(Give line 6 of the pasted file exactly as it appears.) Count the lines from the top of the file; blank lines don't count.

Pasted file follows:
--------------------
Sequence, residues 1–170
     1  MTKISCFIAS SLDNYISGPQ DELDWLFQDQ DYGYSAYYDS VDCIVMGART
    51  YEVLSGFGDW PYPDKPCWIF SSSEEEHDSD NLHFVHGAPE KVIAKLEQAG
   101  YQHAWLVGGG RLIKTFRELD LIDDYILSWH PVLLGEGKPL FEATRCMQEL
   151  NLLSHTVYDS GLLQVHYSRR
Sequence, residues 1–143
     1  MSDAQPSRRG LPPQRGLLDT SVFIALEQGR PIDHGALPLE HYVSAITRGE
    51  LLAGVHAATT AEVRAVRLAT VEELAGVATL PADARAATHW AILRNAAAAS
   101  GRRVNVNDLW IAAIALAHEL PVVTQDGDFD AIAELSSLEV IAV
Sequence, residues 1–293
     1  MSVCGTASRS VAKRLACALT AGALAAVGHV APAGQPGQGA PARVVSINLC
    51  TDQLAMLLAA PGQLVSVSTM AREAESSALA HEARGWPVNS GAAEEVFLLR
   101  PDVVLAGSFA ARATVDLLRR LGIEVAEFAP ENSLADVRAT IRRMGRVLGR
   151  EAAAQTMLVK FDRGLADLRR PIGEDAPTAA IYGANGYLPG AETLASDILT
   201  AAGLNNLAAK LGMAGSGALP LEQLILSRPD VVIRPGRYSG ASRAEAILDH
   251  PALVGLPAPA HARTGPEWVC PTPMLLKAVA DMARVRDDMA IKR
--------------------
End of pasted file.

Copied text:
Sequence, residues 1–143